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Wednesday, February 27, 2013

Community spirit is alive on the web

What do people use social media for a lot? To keep in touch with one another and to reach out to one another. The reaching out bit is becoming a huge global wave that seems to have touched every corner of this world. Any and every social ill or injustice done anywhere can snowball into a much bigger deal than ever before.

People can be recruited to support causes that they wish to even if they don't live within the physical boundaries of a particular country. See how the Egypt, Syria and Libya issues have spiralled out of state control because of online activism as much as offline legwork.
People are choosing not to remain passive puddings anymore, and with social media making it so easy, they have less excuse for doing so. Even though in a country like India, 56% of people mentioned in this Prosumer report (Communities and Citizenship) stated that voting was on par with making a difference, in more developed countries voting is no longer the only way to get heard.

Here people prefer to talk with their wallets and get businesses to act and behave in a more socially and environmentally responsible manner. In line with this expectation from hyper-aware consumers, a lot of global businesses have started programmes that reflect this concern. And more businesses should because a huge 83% of people want to make the world a better place.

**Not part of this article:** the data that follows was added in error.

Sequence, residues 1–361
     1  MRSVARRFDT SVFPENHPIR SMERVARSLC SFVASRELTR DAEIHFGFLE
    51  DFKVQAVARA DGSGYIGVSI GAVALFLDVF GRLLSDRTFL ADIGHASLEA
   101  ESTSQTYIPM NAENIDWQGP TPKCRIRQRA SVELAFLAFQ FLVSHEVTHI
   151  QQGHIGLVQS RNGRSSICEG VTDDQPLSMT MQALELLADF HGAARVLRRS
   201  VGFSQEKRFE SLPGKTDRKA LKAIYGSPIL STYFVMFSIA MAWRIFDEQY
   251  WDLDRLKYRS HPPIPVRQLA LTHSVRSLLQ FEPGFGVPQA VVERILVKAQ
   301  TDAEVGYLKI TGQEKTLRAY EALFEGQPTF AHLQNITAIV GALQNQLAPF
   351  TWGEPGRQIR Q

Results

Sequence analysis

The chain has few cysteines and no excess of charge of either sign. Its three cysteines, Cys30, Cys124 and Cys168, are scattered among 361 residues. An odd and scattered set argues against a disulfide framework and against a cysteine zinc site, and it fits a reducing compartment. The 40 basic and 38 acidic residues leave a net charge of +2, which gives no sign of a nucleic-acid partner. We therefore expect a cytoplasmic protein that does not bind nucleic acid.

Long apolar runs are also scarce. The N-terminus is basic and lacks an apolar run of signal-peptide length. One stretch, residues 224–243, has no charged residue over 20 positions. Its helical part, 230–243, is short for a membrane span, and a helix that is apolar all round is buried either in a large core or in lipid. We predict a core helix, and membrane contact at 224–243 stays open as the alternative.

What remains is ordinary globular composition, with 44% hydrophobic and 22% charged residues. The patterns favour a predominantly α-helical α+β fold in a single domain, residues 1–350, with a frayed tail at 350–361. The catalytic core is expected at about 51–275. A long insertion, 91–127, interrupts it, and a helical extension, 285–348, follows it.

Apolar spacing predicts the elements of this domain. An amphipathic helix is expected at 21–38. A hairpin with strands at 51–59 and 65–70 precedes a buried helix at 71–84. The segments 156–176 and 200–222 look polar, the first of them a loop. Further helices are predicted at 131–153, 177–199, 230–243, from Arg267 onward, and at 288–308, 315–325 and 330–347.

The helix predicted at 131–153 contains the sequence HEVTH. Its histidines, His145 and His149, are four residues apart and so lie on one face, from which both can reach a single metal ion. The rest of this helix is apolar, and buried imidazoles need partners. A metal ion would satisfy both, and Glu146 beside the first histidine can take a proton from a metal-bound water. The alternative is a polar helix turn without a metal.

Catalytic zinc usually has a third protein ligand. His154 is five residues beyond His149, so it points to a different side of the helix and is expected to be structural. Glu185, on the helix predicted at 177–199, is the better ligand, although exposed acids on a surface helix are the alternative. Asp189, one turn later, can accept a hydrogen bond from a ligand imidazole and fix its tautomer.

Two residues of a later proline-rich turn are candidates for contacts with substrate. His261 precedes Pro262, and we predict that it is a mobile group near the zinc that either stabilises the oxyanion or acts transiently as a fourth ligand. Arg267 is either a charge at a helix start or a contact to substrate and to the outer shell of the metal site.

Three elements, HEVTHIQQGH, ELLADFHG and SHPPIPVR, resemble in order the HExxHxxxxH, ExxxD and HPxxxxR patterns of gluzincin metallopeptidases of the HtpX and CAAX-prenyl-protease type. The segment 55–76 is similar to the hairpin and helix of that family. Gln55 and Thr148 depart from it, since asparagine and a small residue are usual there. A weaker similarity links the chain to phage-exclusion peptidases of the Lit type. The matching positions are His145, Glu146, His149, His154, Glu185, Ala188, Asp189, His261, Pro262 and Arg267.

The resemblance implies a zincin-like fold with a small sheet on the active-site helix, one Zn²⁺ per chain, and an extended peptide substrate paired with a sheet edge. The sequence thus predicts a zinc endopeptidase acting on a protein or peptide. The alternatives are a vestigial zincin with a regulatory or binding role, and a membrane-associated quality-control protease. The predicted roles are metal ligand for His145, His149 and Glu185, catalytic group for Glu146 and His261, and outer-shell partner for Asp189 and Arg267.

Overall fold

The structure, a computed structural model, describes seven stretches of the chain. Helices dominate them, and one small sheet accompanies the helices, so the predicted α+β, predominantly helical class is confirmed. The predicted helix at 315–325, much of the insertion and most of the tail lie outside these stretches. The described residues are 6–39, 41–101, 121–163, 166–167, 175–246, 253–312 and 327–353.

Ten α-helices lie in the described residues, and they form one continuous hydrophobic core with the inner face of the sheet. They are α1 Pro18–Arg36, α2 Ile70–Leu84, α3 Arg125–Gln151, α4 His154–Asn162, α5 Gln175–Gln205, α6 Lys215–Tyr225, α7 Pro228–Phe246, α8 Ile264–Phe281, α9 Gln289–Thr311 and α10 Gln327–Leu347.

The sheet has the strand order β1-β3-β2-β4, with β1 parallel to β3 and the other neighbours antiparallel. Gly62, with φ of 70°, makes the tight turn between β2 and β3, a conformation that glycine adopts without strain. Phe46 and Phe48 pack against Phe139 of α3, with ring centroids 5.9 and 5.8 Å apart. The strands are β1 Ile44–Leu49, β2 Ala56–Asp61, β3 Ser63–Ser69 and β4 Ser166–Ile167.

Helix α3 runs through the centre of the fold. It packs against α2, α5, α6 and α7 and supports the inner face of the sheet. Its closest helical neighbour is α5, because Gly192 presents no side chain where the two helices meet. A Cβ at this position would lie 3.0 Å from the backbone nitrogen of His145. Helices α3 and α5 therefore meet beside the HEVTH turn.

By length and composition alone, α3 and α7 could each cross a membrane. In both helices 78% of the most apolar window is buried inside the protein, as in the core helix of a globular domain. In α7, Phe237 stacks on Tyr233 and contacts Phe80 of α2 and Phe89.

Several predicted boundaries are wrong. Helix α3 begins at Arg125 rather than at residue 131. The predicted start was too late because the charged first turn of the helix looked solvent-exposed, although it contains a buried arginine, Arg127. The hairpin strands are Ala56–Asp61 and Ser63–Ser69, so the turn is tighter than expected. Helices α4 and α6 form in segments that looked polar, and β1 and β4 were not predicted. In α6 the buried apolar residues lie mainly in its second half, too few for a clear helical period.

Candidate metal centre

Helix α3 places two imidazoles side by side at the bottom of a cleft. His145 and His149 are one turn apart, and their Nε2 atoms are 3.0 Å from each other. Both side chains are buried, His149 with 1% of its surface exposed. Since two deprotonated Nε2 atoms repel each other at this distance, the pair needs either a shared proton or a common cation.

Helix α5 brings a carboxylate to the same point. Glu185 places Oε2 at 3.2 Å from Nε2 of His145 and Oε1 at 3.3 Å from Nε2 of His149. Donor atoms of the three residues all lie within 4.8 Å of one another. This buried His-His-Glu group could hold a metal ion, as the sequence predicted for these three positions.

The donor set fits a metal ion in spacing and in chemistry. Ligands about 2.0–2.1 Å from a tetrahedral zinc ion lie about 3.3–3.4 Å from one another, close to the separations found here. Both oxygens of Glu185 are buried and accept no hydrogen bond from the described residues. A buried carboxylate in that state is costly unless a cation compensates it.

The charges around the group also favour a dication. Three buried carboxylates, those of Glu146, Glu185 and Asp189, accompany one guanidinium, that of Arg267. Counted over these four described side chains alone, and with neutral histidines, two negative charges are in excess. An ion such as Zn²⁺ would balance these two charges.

Here's what the report says come companies are doing to curry favour with their socially and environmentally savvy consumers:

1. Through its Imagine Cup, Microsoft is supporting FlashFood, a social media−empowered app that connects restaurants, caterers, and other food-service businesses with community organizations that feed the hungry. The app coordinates the transfer of excess food togroups in need each day, so less of it ends up in waste bins.


2. Reckett Benckiser’s Harpic is working with Save the Children to build and repair community toilet facilities in those parts of India that are most in need.

3. Dos Equis, CamelBak, and other brands are instilling a sense of community and camaraderie in targeted locations by sponsoring Tough Mudder, a hardcore obstacle-course event designed by British Special Forces to test participants’ strength, stamina, mental grit, and teamwork. The events, which have raised in excess of $3 million for the Wounded Warrior Project, have expanded beyond the U.S. to Canada, Europe, and Australia.


4. Hoping to gain a quick dose of legitimacy with the environmental crowd, Clorox partnered with the Sierra Club to promote the Green Works line of natural cleaning products. And a number of leading companies—IBM, Pitney Bowes, Nokia, and Sony, among them—have joined with the World Business Council for Sustainable Development to create the Eco-Patent Commons, intended to make environmentally friendly patents available for widespread use. 


When every person with an internet connection can coerce or convince businesses and governments to act ethically and fairly, as much as possible, then the birth and spread of social media has found its true meaning.

For more interesting insights, read the full report here: http://www.prosumer-report.com/blog/wp-content/uploads/downloads/2013/01/prosumer-communities-and-citizenship.pdf

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